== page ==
– August 22
) was an American Quaker abolitionist
who established several anti-slavery newspapers and worked for many others. He traveled widely seeking to limit the expansion of slavery
, and in seeking to establish a colony to which freed slaves might be located, outside of the United States
Lundy was born in Hardwick
, Sussex County, New Jersey
. Once he turned nineteen, he moved to Wheeling, Virginia
, and spent the first eighteen months working as a saddlemaker's apprentice. After his apprenticeship, he married Esther Lewis. Four years later, he moved to Mount Pleasant, Ohio
, and then to St. Clairsville
, where he formed the Union Humane Society
in 1815. Four years later, he founded the antislavery periodical, Philanthropist
, which was published at Mount Pleasant. In 1819 he moved to St. Louis, Missouri
, where he opposed the expansion of slavery to the state. After moving back to Mount Pleasant, in 1821, Lundy founded The Genius of Universal Emancipation
. Elizabeth Margaret Chandler
(1807-1834) was invited by Benjamin Lundy to write for his periodical. She wrote for and edited the "Ladies' Repository" section of his newspaper. After her death, her articles, poems, and letters were gathered and published by Benjamin Lundy, and the proceeds from the sale of those books went to the cause of abolition. He moved to Greeneville, Tennessee
, and then again, in 1824, to Baltimore, Maryland
. While living in Baltimore, a major slave-trading center, he was severely thrashed by Austin Woolfolk, an angry slave dealer.
He traveled to Haiti in 1825 in search of a refuge for freed slaves. In 1828, he journeyed on foot through the Eastern States, giving speeches that explained his aims. In 1829, William Lloyd Garrison became co-editor of Genius of Universal Emancipation, and published several particularly inflammatory editions while Lundy was absent in Mexico, still seeking a location for his colony for ex-slaves. (In 1831, Mexico included areas which are now in the States of Texas, New Mexico, Arizona, California, and Nevada). Garrison was imprisoned, and Lundy moved the paper to Washington, D.C., where it failed. In 1830–31, he visited the Wilberforce colony of freed slaves in Canada. Between 1832 and 1835 Lundy again visited Mexico and Mexican Texas and applied for an Empresario grant with local authorities to establish a colony of free slaves. In 1836 he published his most famous work The War in Texas, written to influence public opinion in opposition to the Texas Revolution and Texas annexation to the United States. In 1836, Lundy began the National Enquirer, in Philadelphia, Pennsylvania, but retired from it in 1838. That same year, a mob burned Pennsylvania Hall, destroying nearly all of his possessions. He became a persona non grata in Philadelphia.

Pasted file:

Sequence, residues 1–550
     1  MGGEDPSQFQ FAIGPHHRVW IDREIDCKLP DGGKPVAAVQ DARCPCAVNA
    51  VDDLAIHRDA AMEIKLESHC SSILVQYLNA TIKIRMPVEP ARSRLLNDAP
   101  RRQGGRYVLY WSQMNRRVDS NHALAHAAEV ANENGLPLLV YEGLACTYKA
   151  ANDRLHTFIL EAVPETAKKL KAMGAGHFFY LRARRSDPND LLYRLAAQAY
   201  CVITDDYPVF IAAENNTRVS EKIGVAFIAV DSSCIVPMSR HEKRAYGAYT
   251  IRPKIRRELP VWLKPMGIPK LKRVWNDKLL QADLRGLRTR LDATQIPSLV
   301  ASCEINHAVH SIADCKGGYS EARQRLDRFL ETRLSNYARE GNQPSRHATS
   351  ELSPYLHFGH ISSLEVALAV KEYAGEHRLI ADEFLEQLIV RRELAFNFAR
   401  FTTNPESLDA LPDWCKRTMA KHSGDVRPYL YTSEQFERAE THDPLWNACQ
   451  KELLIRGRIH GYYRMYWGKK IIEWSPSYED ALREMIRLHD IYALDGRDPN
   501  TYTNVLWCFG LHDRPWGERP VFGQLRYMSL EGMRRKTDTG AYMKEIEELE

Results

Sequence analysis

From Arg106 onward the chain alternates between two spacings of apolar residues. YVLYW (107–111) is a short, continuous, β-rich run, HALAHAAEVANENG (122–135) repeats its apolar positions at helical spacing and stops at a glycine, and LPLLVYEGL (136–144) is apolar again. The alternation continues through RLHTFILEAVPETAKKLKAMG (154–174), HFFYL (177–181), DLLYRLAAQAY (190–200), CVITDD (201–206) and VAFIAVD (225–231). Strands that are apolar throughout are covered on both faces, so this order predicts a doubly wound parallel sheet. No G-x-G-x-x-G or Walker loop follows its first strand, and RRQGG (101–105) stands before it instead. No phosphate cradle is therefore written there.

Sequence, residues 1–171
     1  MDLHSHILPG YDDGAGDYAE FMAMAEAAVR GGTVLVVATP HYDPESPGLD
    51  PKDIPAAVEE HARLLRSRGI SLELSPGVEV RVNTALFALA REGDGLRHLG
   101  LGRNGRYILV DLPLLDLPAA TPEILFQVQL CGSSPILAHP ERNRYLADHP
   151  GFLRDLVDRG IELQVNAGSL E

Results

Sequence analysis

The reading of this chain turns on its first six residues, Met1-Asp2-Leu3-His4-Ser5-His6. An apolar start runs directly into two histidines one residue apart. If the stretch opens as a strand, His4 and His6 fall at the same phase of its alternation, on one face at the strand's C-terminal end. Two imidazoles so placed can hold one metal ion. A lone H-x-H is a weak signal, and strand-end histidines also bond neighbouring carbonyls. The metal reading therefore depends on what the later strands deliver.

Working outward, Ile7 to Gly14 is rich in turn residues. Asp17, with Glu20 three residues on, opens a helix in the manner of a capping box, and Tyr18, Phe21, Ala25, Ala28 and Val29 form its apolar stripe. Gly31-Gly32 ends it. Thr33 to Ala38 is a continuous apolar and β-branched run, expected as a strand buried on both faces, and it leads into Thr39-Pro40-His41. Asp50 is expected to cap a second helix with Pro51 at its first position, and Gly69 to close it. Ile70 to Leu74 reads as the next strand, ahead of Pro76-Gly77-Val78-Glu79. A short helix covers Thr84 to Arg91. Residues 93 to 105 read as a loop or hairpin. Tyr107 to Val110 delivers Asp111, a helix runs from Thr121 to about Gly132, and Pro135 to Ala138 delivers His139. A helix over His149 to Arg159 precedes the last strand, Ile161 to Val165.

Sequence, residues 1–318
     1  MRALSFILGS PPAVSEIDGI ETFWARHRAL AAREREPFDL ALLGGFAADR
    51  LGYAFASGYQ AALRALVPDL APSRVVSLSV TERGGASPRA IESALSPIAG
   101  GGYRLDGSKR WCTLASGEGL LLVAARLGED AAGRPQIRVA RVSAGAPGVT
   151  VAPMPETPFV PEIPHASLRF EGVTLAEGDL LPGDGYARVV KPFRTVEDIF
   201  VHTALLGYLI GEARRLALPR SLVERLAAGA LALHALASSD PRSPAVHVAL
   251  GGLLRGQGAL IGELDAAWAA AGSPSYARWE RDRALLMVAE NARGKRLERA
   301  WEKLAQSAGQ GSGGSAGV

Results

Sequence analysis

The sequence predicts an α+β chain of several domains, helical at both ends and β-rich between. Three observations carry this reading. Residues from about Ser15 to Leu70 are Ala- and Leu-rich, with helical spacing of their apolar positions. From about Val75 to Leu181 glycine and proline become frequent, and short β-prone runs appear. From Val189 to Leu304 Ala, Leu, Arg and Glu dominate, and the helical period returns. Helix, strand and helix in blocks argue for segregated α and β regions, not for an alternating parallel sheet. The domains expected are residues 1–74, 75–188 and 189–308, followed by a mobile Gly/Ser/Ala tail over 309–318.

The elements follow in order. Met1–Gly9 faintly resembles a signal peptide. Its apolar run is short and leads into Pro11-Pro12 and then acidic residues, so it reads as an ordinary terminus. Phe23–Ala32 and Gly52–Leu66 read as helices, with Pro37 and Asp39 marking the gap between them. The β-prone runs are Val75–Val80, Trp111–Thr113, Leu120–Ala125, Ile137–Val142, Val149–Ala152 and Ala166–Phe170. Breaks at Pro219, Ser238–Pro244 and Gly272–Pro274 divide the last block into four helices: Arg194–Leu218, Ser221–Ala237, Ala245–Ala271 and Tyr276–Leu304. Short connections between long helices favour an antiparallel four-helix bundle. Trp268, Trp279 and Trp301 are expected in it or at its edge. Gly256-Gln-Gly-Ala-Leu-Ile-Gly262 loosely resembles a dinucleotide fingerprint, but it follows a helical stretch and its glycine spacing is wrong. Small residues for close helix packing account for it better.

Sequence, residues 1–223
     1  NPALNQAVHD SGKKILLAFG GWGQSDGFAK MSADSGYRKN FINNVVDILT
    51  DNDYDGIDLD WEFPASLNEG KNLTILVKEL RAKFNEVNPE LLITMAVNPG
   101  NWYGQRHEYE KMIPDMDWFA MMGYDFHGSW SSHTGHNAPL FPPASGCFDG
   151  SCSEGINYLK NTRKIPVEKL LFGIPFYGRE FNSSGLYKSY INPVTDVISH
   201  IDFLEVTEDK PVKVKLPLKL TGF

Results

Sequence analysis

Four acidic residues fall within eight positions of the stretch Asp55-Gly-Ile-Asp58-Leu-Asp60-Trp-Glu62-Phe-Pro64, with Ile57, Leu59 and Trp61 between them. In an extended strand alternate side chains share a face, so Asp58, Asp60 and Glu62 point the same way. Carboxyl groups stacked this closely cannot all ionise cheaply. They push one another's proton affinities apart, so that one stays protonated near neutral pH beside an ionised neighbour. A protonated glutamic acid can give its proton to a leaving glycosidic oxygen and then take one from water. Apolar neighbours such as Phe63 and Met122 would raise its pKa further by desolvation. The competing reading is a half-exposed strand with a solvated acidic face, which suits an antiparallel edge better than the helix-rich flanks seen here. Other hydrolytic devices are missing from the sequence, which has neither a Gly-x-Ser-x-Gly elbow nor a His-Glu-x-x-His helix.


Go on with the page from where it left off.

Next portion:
In 1839, after moving to Lowell, LaSalle County, Illinois, he revived the Genius of Universal Emancipation. He was able to produce only a few issues before he died of a fever on August 22, 1839. He was buried at Friends Burying Ground of Clear Creek Meeting.
One hundred years after his death, a bronze plaque was dedicated to the pioneer abolitionist and placed at his gravesite. The tribute reads, "It was his lot to struggle, for years almost alone, a solitary voice crying in the wilderness, and, amidst all, faithful to his one great purpose, the emancipation of the slaves."
His house in Mount Pleasant is a National Historic Landmark.
- an abolitionist tract by Benjamin Lundy, published 1845, Anti-Texas Legion: Protest of some free men, states and presses against the Texas rebellion, against the laws of nature and of nations hosted by the Portal to Texas History
- The war in Texas; a review of facts and circumstances, showing this contest is a crusade against Mexico, set on foot by slaveholders, land speculators, & c. in order to re-establish, extend, and perpetuate the system of slavery and the slave trade. hosted by the Portal to Texas History
- 1911 Britannica article on Lundy